|Disease group||DNA repair disorders|
|DISEASE NAME||UV-SENSITIVE SYNDROME|
|Estimated prevalence||currently comprises one French, one Israeli and five Japanese individuals|
|Gene (s)||CSA/ERCC8 (609412), CSB/ERCC6 (609413), UVSSA/KIAA1530 (614632)|
UV-sensitive syndrome (UVSS) is a rare autosomal recessive disorder first reported as a distinct clinical entity in 1994.1 The patients affected by UVSS exhibit photosensitivity and mild skin abnormalities in sunexposed areas of the skin, with freckling and telangiectasia, with no skin cancers.
UVSS is genetically heterogeneous, in that it is linked to mutations in the CSA/ERCC8, CSB/ERCC6 or UVSSA/KIAA1530 gene.
The cardinal clinical features of UVSS are (mild) cutaneous photosensitivity and development of skin pigmentation with freckles primarily on the face and sun-exposed areas, as well as hypopigmented spots, telangiectasia, erythema and dry skin. The clinical phenotype closely resembles mild xeroderma pigmentosum. The action spectrum of photosensitivity is not known. No neurological abnormalities, cutaneous or internal cancers have been reported to date. Growth, mental development and life span are normal as well. However, only few UVSS cases have been reported up to date, possibly because of mild symptoms that may be overlooked.2, 3
Following exposure to ultraviolet (UV) light, cells from UVSS patients show reduced survival and recovery of DNA and RNA synthesis but normal capability to perform DNA repair synthesis. Genetic analysis led to the definition of three distinct complementation groups, CS-A and CS-B and UVSS-A. Like cells from Cockayne syndrome (CS) patients, UVSS cells fail to perform preferential repair of the transcribed strand of transcriptionally active genes at the rate seen in normal cells, but they are capable of removing damage from the non-transcribed part of the genome at the normal rate.4 All activities whose alteration results in UVSS are involved in transcription-coupled repair, the nucleotide excision repair (NER) sub-pathway that specifically removes DNA damage blocking the progression of the transcription machinery in actively transcribed regions of DNA (TC-NER). Given the involvement of CSA and CSB not only in UVSS but also in CS, questions remain open for clinical pathology especially about the developmental and neurological impairment so evident in patients with CS but not in those with UVSS. The only consistent correlation between defects in TC-NER in all these individuals is with skin photosensitivity. As reported in the specific card, the CS proteins have additional functions including the repair of oxidative damage in DNA. Interestingly, cells of UVSS patients are UV-sensitive but they are not sensitive to oxidizing agents.4-6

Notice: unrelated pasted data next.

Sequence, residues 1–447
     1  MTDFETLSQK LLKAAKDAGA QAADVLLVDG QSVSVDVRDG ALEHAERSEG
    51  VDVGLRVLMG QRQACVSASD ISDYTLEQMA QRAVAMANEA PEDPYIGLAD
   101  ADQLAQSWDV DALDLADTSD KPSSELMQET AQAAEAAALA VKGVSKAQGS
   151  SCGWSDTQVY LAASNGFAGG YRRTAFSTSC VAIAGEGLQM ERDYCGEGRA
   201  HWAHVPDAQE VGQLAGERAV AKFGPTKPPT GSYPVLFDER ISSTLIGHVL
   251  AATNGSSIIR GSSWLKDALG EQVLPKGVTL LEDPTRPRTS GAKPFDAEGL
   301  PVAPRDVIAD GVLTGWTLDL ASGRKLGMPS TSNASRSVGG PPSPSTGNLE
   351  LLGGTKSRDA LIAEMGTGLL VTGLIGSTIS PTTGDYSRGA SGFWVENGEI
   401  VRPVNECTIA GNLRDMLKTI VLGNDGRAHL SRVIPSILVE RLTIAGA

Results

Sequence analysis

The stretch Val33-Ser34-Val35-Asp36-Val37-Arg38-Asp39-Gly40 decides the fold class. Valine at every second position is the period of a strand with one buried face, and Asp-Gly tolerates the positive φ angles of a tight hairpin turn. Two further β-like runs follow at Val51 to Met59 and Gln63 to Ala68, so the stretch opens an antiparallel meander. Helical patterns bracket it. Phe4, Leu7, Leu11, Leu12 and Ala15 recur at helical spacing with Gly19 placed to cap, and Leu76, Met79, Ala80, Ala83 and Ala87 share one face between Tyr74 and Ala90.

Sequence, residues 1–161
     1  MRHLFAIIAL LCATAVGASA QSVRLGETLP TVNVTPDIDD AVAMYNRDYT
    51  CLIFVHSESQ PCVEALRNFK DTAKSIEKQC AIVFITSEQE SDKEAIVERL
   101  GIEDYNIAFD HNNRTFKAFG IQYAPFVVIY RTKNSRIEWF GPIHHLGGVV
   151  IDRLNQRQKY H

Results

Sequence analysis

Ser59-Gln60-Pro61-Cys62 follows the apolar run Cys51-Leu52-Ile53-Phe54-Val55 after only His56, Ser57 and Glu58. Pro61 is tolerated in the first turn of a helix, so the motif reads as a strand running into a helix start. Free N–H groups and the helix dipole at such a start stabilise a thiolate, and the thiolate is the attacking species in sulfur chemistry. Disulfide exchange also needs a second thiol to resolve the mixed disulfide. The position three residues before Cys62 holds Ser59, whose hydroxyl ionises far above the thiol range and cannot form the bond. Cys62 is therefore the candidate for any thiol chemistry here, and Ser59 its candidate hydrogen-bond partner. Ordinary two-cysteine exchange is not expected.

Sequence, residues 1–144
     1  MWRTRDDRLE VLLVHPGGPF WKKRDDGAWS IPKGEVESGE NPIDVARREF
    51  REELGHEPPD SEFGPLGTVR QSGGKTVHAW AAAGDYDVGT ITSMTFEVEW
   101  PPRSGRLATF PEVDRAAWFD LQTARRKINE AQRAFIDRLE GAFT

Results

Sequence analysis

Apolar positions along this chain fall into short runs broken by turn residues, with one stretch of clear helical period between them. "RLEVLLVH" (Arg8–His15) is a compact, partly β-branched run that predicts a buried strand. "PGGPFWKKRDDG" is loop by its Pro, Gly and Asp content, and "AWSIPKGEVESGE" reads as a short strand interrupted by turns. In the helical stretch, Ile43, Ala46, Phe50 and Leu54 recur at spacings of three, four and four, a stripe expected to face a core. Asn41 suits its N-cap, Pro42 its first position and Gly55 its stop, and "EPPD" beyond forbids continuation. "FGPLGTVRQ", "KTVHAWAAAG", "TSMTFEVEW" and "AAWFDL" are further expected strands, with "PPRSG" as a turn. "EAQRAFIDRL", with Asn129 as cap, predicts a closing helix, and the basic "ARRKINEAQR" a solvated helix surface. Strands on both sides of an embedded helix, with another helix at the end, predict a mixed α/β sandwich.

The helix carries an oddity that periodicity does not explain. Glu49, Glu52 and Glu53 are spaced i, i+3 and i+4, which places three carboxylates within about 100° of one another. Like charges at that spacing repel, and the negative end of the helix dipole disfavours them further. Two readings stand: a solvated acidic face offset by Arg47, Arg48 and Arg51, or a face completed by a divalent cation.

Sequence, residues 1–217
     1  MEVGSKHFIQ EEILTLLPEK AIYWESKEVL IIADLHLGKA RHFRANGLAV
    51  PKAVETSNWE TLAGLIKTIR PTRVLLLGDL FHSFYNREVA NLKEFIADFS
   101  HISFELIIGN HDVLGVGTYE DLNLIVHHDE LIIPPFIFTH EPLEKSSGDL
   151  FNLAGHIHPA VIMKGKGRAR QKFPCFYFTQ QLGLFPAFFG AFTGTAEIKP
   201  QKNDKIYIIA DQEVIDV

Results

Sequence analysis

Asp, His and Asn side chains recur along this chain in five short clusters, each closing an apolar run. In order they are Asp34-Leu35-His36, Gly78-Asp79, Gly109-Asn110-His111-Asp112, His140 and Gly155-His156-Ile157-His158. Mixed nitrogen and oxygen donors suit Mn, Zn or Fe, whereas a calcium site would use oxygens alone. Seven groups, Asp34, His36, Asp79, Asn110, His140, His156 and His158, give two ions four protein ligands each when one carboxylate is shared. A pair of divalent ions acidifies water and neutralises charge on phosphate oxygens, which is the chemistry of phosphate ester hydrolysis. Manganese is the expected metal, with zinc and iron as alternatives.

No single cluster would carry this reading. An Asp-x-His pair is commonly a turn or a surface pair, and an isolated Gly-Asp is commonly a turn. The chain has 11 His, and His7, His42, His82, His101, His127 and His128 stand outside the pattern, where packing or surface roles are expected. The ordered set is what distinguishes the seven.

The diagnosis of UVSS is made clinically based on skin manifestations. Laboratory testing can be useful for confirming the suspected clinical diagnosis. The presence of repair defects in UVSS can be conclusively diagnosed by analyzing patient’s cells for the appropriate DNA repair defect. Specific functional assays on in vitro cultured fibroblasts from the patients (obtained from small skin biopsies) are available to evaluate the cellular response to UV light and to define the gene responsible for the DNA repair defect. Identification of the molecular defect by sequencing of the relevant gene(s) allows genetic counselling of the families involved.
The management largely involves prevention of UV exposure and cutaneous complications like photosensitivity and pigmentation. UVSS patients should follow the general precautionary measures reported for xeroderma pigmentosum patients (see article Xeroderma pigmentosum).2
1. Itoh T, Ono T, Yamaizumi M. A new UV-sensitive syndrome not belonging to any complementation groups of xeroderma pigmentosum or Cockayne syndrome: siblings showing biochemical characteristics of Cockayne syndrome without typical clinical manifestations. Mutat Res. 1994;314(3):233-248.
2. Yew YW, Giordano CN, Spivak G, Lim HW. Understanding photodermatoses associated with defective DNA repair: Photosensitive syndromes without associated cancer predisposition. J Am Acad Dermatol. 2016;75(5):873-882.
4. Spivak G, Itoh T, Matsunaga T, Nikaido O, Hanawalt P, Yamaizumi M. Ultraviolet-sensitive syndrome cells are defective in transcription-coupled repair of cyclobutane pyrimidine dimers. DNA repair. 2002;1(8):629-643.
5. Ijaz A, Wolf S, Mandukhail SR, Basit S, Betz RC, Wali A. UV-sensitive syndrome: Whole exome sequencing identified a nonsense mutation in the gene UVSSA in two consanguineous pedigrees from Pakistan. J Dermatol Sci. 2019;95(3):113-118.
6. Nakazawa Y, Sasaki K, Mitsutake N, et al. Mutations in UVSSA cause UV-sensitive syndrome and impair RNA polymerase IIo processing in transcription-coupled nucleotide-excision repair. Nat Genet. 2012;44(5):586-592.